Chandrayaan-3 is getting closer to the moon’s orbital path, from which it will gradually fall to the lunar surface in order to try a soft landing on August 23, according to Union Minister Jitendra Singh, who provided an update on the mission on Sunday.

“After leaving the Earth’s orbit, it will be drawn into the Moon’s orbit by its gravity…”It will gradually drop to the surface…After reaching orbit around the first week of August…it will scan the environment to determine which area of the lunar surface’s south pole is appropriate for landing…It will then arrive on August 23.”

India’s third moon mission, which launched on July 14, successfully completed its fourth orbit-raising manoeuvre on Thursday and will attempt its next orbit-raising manoeuvre on July 25 between 2 p.m. and 3 p.m.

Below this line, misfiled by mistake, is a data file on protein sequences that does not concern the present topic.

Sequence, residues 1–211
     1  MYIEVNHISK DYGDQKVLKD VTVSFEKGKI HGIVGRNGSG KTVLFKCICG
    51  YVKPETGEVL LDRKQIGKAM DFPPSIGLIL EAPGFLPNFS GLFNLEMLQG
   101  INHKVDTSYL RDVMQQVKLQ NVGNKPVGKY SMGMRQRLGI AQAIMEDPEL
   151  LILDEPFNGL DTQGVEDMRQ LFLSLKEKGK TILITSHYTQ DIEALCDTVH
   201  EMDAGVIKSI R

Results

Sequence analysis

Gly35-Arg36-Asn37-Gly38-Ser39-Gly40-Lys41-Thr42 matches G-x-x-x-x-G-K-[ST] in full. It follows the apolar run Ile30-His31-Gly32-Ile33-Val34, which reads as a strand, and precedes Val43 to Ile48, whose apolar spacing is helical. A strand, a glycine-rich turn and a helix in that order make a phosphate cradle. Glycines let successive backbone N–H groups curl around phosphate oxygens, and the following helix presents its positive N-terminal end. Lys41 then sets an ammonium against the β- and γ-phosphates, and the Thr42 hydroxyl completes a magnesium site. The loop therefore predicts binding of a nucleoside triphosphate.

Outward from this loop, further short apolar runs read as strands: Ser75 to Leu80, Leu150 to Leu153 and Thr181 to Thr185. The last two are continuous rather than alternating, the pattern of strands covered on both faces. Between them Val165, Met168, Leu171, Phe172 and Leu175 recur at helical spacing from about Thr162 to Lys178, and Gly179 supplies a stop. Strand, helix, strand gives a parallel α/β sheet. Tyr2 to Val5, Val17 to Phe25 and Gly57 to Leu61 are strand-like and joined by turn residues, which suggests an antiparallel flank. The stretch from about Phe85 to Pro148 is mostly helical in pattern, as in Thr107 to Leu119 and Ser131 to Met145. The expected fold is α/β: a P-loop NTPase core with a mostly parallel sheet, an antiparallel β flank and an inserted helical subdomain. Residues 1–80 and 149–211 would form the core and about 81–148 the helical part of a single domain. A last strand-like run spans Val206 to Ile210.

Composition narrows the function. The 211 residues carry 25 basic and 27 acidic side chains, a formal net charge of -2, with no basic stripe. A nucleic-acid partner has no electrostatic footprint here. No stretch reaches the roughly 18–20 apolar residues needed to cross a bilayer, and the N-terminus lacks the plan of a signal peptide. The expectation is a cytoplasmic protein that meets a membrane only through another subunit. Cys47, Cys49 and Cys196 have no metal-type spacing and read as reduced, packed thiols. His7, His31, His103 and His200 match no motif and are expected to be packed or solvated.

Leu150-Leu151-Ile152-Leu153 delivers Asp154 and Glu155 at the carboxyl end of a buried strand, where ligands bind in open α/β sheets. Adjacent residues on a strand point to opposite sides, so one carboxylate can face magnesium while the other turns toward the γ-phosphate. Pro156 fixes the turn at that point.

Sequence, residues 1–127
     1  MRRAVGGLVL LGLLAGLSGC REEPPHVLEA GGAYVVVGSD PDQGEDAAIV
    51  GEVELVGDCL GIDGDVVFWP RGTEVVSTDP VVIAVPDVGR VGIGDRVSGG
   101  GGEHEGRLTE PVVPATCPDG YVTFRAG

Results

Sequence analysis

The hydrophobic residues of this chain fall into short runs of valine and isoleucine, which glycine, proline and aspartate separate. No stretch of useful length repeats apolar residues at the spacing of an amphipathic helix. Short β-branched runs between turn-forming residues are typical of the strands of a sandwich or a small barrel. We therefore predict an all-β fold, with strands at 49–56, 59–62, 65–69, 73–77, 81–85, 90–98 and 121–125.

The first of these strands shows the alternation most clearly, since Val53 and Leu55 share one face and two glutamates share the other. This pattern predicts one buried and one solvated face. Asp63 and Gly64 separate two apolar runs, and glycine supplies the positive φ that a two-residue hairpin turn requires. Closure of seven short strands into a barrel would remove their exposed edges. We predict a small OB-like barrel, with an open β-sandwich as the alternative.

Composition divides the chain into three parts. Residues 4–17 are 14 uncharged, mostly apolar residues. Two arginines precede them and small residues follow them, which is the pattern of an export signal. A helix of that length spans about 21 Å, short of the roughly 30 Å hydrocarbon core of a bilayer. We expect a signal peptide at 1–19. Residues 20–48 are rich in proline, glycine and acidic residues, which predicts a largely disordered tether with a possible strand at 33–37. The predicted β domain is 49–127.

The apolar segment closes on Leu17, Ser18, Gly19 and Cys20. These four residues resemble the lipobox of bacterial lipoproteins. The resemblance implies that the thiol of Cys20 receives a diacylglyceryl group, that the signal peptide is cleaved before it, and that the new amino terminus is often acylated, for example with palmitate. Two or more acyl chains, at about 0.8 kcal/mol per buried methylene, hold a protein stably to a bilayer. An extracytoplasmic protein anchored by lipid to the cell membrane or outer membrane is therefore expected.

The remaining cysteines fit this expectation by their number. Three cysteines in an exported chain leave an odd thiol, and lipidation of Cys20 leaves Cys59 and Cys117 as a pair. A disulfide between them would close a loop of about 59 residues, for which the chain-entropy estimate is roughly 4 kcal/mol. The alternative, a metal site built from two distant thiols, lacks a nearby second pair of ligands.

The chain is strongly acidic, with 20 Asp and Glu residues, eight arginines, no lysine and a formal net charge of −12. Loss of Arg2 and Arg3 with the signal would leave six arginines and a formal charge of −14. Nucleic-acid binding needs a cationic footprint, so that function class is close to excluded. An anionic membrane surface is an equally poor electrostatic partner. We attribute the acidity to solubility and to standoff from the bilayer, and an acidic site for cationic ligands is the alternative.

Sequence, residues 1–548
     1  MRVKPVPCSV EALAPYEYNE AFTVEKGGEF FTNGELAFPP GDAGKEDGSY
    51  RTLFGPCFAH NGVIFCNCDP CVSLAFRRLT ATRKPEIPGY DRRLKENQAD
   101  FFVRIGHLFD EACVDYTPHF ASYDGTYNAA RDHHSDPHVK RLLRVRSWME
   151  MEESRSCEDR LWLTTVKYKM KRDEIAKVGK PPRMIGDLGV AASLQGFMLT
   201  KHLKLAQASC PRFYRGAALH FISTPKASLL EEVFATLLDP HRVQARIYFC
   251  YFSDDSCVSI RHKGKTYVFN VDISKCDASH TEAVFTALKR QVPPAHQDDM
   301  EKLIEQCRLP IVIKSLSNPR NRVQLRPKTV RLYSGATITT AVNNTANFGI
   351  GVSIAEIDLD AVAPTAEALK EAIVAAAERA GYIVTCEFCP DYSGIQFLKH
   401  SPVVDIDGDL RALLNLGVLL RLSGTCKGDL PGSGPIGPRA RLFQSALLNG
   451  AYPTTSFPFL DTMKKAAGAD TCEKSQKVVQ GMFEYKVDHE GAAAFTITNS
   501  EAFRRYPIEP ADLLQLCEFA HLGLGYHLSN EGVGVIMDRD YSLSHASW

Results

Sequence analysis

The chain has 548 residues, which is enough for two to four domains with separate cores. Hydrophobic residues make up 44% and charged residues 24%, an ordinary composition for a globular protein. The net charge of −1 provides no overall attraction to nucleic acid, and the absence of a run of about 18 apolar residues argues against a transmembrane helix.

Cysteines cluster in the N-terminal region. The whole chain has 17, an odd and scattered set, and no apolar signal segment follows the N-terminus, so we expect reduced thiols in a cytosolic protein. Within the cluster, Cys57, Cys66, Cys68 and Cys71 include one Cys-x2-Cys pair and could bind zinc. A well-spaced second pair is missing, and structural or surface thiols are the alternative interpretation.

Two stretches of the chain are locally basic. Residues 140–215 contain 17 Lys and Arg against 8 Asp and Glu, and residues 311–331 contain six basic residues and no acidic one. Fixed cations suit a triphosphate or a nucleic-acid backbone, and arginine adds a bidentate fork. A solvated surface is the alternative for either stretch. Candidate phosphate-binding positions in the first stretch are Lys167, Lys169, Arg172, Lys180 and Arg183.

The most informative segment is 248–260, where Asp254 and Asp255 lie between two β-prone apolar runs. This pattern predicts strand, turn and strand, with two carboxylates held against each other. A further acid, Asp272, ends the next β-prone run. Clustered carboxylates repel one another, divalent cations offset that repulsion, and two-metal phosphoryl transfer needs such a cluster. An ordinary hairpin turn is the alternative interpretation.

ISRO is carrying out a series of orbit-raising efforts to progressively raise the spacecraft into higher and higher orbits before attempting to go directly towards the moon. The spacecraft will thereafter gradually sink into lower and lower orbits around the moon. This procedure will continue until it reaches a circular orbit about 100 kilometres above the lunar surface, from where it will attempt a soft landing on August 23.

ISRO Chairman S. Somnath had stated that earthbound manoeuvres will continue until July 31, after which the spacecraft would perform lunar insertion, putting it on a track towards the Moon.

The mission comes nearly four years after Chandrayaan-2, which failed to make a planned soft landing on the lunar surface in September 2019. The main goals of the Chandrayaan-3 mission are to demonstrate end-to-end capability in safe landing and wandering on the lunar surface.

With the successful soft landing of this mission, India will join the United States, the former Soviet Union, and China as the fourth nation to have done so.

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